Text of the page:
Ritchie: Ah, Glenn Hughes. Yes, it's a strange story. He almost joined the group. I didn't even speak to him myself, I spoke with his best friend an manager, who's also a friend of mine. I wanted to find out if Glenn was interested in this, and I was told that he had agreed. I said: "Well, nice!". So the point came when we wanted to rehearse for the first time, and I asked his friend to tell him that he won't be the singer. It would be Ronnie Romero. His friend told me that Glenn would be aware of that. Because I know that Glenn loves to sing himself. But if he would be ready to limit himself to backing vocals, it would be just great. And just a few days before the rehearsals, Glenn recieved a message from his friend in which he was told that he wouldn't be the singer. (laughs)

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What happened then?

Ritchie: I don't know myself (laughs). I wrote an E-Mail to Glenn, specifying that I thought that he knew that he wouldn't be the singer. Right from the beginning it was never the plan that Glenn would be the main singer. So in the end, we apologized to each other, because I knew that he wouldn't agree to just play the bass guitar. Maybe it would have been better to communicate directly with him, instead of talking through other people. We should have sorted it out in a different way, but we didn't. We communicated through managers and friends. So it turned out to be a really strange situation. And that's when we asked Bob to join us.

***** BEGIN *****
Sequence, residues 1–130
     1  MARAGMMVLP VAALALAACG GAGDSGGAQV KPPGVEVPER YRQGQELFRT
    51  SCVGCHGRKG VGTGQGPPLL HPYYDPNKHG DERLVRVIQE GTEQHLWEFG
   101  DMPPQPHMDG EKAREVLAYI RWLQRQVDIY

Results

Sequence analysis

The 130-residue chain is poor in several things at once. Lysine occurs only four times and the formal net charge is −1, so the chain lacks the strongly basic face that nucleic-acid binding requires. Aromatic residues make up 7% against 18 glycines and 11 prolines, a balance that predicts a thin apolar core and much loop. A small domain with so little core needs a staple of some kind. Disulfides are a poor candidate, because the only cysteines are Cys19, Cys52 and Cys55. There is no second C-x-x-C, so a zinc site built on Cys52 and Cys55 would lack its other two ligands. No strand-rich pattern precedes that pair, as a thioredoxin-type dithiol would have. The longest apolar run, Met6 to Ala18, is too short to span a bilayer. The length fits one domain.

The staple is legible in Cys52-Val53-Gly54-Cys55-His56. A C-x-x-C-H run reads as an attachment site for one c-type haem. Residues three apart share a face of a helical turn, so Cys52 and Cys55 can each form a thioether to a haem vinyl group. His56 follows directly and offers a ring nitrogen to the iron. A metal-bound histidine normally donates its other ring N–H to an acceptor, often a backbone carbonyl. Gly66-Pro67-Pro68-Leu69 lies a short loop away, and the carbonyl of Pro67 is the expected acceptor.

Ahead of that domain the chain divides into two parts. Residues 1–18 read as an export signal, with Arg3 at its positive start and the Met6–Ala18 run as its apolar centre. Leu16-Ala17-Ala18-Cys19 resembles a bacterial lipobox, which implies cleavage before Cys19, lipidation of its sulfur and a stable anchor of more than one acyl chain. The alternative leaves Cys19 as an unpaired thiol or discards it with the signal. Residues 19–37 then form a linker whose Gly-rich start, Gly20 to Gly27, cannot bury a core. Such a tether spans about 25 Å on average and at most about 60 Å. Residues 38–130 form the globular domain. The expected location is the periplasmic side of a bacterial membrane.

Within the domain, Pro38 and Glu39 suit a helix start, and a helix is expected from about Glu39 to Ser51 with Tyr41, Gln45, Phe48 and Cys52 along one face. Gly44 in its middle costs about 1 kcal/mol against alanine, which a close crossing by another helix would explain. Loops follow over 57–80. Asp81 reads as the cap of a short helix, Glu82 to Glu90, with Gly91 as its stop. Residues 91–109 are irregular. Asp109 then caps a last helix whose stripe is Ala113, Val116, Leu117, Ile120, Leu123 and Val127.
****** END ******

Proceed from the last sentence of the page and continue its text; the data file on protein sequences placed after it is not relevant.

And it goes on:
There'll be a new album coming out soon of your British tour last year. Your first show was at the O2 Arena in London.

Ritchie: It's nice to be back in front of such a big audience. I started being used to play in smaller halls, sitting on a chair, performing Renaissance and folk music. It was very unusual and strange for me to play in front of such big audiences again. They all remembered the old songs! Very nice and interesting feeling. It's a very pleasant feeling that so many people still want to hear these songs. I really like all those songs, but I don't wanna play them all the time. Most likely, I'll be doing 5 shows each year with Rainbow. And I don't think about going into the studio to record a new album... There were a lot of former friends and former colleagues at the show in London. It was great. Usually the London audience isn't very corteous. However, this time it worked well. It's still difficult to believe for me that so many people are coming to our shows.

Can you tell us something about the songs on the new live-record?